Saṃyuktāgama

72. Discourse on Understanding Things

Thus have I heard. At one time the Buddha was staying at Sāvatthī in Jeta’s Grove, Anāthapiṇḍika’s Park.

At that time the Blessed One said to the monks: “I will teach you things to be understood, knowledge, and one who knows. Listen and pay careful attention to what I shall tell you.

“What are the things to be understood? That is, they are the five aggregates of clinging. What are the five? They are the bodily form aggregate of clinging … the feeling … the perception … the formations … the consciousness aggregate of clinging. These are called things to be understood.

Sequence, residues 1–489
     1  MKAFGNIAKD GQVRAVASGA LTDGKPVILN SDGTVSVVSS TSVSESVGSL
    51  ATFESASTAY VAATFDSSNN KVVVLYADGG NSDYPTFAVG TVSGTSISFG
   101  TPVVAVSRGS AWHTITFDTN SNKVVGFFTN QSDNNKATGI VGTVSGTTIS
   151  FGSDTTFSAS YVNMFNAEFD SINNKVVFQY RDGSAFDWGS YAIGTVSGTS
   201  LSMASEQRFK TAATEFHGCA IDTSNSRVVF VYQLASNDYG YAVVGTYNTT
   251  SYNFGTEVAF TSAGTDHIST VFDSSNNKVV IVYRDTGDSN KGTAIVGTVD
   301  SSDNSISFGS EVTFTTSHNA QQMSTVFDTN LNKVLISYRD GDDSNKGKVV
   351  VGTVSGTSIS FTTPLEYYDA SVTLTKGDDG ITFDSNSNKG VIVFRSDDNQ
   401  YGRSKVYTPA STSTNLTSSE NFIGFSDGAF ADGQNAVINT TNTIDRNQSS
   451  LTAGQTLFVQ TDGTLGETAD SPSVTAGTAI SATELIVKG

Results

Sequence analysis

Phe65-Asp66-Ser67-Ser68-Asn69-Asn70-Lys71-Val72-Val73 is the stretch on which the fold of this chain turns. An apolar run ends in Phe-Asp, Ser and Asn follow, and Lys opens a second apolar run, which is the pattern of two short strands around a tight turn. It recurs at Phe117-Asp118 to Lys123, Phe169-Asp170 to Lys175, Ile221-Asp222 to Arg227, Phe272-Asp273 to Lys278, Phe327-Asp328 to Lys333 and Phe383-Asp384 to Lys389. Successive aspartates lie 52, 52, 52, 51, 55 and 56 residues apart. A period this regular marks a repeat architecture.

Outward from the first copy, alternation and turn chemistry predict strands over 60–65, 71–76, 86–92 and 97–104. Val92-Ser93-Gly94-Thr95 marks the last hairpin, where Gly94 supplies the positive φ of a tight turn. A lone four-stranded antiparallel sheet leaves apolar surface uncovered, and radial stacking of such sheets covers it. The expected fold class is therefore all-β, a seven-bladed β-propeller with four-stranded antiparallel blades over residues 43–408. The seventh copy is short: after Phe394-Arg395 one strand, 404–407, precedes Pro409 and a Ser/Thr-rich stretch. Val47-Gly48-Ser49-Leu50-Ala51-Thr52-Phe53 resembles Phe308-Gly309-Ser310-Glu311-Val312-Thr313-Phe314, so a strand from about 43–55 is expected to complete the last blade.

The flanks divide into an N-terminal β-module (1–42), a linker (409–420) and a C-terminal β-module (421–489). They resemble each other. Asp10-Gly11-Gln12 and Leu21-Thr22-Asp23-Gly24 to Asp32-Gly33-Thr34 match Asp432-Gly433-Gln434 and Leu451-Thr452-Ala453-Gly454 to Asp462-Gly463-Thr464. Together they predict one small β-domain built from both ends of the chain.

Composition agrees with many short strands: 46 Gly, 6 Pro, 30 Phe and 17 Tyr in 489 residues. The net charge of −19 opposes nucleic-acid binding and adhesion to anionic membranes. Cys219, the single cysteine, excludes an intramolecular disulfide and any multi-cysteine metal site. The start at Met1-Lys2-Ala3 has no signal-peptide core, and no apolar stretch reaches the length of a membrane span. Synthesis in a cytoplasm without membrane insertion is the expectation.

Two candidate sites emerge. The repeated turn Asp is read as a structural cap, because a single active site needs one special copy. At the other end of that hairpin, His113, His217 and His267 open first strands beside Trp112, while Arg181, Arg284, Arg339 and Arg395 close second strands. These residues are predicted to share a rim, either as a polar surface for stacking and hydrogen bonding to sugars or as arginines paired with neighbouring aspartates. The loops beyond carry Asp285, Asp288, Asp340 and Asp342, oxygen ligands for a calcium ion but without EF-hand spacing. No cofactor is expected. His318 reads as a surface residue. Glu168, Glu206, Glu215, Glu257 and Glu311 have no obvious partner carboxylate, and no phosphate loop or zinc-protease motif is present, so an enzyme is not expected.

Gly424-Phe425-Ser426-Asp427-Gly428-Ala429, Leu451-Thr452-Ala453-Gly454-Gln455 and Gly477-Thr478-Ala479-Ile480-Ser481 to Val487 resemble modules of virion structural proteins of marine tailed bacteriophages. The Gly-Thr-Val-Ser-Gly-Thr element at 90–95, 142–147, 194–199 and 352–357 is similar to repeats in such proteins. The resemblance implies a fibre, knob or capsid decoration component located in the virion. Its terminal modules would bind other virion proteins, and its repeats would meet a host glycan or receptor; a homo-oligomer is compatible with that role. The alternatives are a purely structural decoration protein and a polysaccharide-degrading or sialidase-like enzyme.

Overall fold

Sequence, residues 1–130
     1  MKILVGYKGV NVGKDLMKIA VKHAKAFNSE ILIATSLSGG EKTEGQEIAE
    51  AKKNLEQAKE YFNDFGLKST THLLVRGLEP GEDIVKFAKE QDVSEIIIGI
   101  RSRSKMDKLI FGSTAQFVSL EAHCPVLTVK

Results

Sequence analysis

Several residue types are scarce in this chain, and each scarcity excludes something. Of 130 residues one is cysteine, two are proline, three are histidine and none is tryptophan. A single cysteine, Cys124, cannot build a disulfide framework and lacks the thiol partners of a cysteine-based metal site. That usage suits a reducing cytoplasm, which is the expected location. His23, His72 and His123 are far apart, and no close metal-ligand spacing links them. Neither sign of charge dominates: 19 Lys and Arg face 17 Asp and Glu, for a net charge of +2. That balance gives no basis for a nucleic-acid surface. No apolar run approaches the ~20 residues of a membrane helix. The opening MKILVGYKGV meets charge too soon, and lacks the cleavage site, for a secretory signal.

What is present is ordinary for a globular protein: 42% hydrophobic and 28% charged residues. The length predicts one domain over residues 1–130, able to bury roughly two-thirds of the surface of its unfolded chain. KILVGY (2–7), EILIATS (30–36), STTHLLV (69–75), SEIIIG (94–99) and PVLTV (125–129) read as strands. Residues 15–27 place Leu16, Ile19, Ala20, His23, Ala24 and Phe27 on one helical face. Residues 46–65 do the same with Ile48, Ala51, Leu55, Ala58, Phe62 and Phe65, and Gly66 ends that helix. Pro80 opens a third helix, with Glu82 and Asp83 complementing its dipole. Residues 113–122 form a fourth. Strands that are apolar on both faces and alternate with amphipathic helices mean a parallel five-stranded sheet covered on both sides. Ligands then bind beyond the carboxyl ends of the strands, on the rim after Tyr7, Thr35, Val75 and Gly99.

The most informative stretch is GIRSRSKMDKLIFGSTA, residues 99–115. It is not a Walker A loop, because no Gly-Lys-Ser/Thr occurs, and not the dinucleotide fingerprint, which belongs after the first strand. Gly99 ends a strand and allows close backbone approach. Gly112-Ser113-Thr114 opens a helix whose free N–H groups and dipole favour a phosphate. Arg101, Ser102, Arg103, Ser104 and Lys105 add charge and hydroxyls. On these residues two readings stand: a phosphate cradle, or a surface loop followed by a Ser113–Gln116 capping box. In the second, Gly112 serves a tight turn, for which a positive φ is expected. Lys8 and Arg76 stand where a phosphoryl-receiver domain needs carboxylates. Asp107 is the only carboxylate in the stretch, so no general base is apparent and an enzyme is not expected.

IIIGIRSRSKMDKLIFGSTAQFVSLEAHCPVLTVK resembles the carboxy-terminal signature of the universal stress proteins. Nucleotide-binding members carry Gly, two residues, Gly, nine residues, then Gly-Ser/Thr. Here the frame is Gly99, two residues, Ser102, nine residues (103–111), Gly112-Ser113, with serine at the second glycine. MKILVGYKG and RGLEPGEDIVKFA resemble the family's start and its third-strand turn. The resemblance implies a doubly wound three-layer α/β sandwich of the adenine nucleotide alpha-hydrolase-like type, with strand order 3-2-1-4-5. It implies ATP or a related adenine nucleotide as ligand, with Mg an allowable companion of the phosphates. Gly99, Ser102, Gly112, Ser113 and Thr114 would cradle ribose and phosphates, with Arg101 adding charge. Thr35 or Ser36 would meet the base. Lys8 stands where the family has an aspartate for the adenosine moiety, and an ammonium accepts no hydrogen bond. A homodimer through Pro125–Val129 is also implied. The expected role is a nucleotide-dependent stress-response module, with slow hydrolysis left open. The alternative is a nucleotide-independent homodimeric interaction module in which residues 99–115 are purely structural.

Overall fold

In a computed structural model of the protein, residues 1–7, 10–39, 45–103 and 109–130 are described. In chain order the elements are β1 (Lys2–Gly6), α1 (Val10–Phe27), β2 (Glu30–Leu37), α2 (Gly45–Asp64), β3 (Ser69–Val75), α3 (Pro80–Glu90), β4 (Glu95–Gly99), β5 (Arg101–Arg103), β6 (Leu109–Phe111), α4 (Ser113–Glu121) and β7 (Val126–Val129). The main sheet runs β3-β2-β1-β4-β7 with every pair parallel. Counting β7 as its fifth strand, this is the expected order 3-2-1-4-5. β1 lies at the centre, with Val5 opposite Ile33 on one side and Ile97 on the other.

“What is knowledge? The disciplining of lustful desire, the abandoning of lustful desire, the going beyond lustful desire—this is called knowledge.

“Who is the one who knows? It is the arahant. The arahant neither exists in another world after death, nor does he not exist in another world after death, nor does he exist-and-not-exist in another world after death, nor does he neither-exist-nor-not-exist in another world after death. Stating this in detail is without limit, as for him all reckonings have forever ceased.

“This is called the teaching of things to be understood, knowledge, and one who knows.”

When the Buddha had spoken this discourse, the monks, hearing what the Buddha had said, were delighted and received it respectfully.